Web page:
And then we scrutinize any of the App Store feedback as well. But if I had to sort of say there’s one big improvement that could be made, it would be making the community of reviewers and raters in the App Store non-anonymous, number one because that always leads to a higher — I mean owned the review system for Amazon.com for many years. And that’s one of the things about it that it’s much, much weaker if it’s anonymous. It’s just no one’s putting any skin in the game is what they say. And I would also make sure that you don’t have biases kind of like these one-star default undelete rating widgets. Make sure that if you have something like that, you have something on the other side too so you get a really balanced score. And generally what we’ve seen is that talking to other app providers when you’re featured, if you don’t have like a completely mainstream — you know, like a game or something, something that fits more of a specific audience and demo, then you do get sort of deluged with one-star ratings. And when you come off the featured list, you start to see that balance out. So that’s kind of probably more than you wanted to know.

JT: No.

JH: But that’s just sort of one of the dynamics of the App Store experience. Like I said, best game in town.

JT: Yep.

JH: So I wouldn’t trade it.

JT: And luckily, you’re a free app so you don’t have to deal with the gotcha of refunds.

JH: Yeah, exactly. Yeah. That’s an interesting little space to deal with. But I think Apple’s trying to evolve there. But yeah, I’ve been following all of the fun with if you get the 100 percent refund, you give but not Apple.

JT: Before you started Pelago, you did spend a lot of years at Amazon, the last few running the website experience. I have to say just in comment because you talked about the review system, I religiously use the review system, even if I’m not going to be buying something from Amazon.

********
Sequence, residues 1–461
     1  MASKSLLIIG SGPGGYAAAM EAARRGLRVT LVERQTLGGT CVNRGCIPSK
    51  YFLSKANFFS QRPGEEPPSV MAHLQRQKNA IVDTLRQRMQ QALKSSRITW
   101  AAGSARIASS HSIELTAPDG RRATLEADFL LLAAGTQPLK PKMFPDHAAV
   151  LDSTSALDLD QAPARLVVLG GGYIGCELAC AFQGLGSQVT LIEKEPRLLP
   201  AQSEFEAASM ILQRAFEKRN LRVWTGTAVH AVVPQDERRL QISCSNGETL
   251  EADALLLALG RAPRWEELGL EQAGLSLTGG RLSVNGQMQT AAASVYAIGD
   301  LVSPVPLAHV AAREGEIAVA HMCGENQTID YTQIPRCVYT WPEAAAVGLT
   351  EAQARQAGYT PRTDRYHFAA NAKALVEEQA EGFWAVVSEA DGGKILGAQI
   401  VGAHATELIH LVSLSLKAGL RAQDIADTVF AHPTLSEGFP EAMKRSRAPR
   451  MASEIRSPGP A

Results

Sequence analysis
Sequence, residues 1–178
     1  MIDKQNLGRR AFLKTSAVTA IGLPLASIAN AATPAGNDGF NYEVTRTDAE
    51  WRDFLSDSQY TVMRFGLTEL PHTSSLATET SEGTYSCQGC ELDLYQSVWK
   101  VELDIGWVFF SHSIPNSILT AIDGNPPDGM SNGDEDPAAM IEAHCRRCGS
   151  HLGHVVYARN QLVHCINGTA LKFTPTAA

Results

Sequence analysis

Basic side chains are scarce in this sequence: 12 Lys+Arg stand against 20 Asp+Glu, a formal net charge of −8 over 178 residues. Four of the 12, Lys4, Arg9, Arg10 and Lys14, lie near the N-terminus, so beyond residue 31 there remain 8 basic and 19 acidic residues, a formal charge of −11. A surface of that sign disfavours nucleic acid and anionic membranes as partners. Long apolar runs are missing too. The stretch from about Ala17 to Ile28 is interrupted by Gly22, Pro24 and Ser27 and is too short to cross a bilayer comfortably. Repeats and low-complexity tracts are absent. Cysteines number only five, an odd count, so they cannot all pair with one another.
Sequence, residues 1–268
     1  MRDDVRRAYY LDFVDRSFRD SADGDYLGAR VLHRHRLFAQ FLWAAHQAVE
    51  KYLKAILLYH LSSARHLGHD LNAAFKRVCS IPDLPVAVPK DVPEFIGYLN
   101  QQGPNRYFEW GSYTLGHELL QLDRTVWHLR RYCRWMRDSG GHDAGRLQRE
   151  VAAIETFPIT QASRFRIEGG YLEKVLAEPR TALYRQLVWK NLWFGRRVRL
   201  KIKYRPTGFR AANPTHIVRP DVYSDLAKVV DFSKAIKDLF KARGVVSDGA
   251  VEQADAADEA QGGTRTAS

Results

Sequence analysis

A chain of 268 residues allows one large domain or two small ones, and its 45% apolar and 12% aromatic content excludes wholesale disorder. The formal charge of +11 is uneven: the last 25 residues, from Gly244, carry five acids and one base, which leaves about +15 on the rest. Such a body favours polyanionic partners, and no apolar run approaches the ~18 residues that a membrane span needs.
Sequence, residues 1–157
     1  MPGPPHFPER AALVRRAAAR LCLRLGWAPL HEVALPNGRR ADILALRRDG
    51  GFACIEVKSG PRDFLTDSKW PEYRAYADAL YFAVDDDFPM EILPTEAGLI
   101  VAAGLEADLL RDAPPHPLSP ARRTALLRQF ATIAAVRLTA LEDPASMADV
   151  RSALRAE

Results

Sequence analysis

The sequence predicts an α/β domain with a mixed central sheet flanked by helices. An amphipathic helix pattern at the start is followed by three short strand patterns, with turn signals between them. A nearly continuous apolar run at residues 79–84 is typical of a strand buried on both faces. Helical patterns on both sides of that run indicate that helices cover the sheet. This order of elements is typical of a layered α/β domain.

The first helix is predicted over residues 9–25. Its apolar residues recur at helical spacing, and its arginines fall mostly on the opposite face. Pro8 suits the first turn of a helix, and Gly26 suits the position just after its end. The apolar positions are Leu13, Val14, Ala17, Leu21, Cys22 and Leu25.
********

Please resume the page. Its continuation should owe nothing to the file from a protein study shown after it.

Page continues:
JH: Yay.

JT: And I’m a Prime Member, so a lot of times I do, but —

JH: My team built Prime, too. I was very proud of that one actually. I love that feature.

JT: It definitely does change your buying experience. Like, “I need tissue. I wonder what the price is on Prime.”

JH: I know. Exactly. The right of first refusal.

JT: Right. Amazon obviously knows some geographical information about their user base because they have to ship stuff to them.

JH: Right.

JT: Does Amazon leverage that at all into the product recommendation engine?

JH: Let me think about that for a second. The product recommendation engine do we use geo-location? Without giving anything away, I’ll say it’s not a primary component of the recommendation engine. But you can imagine that pretty much every piece of data that’s consumed for recommendations at Amazon. It’s a very evolved recommendation system at this point.

JT: One of the things that I’ve found amusing is my wife is in graduate school for psychology and also likes religious books. And we share an account. And I have to go in and uncheck all of her stuff or I start getting very bizarre recommendations.

JH: Well, the shared account thing was something that we struggled with for a long time. We went down a path of trying to let people tag things and then do recommendations by tag. I think that feature might still be there, but it never really took off. And so there’s all of these different ways we tried to sort of crack the code on that, but never really — it’s a hard problem.

JT: Where do you see mobile-location based technology going in the next five to ten years?

JH: Well, I don’t know if you looked at our blog at all, but this is something that I’ve spoken a fair amount about in there in terms of my vision and the trends of where I think things are going. I think — and this sounds obvious now, but I think it’s going to be obviously pervasive. And so you’re going to see location aware in everything. And I think what that’s going to lead to ultimately — I use this term “people are the media.” I think what you’re going to find is life gets completely digitized. There’s going to be an adoption of that over time. But people will get to the point where there’s a lot of comfort. In fact, so much value will be created by that that people will not just get used to it, they’ll actually love it. And so when I say digitize, I mean people’s movements and what they’re doing in their lives will be very, very easily captured and shared. And people will get a huge amount of value out of that. I think one of the things that’s just kind of the obvious intuition, but wouldn’t it be amazing if your parents, for example, could share literally an indelible record of all of the things that they did, especially the key moments in their lives in terms of where they were, who they were with, what they were doing. And if that had just been captured as they lived their lives, they didn’t have to go back and recreate that.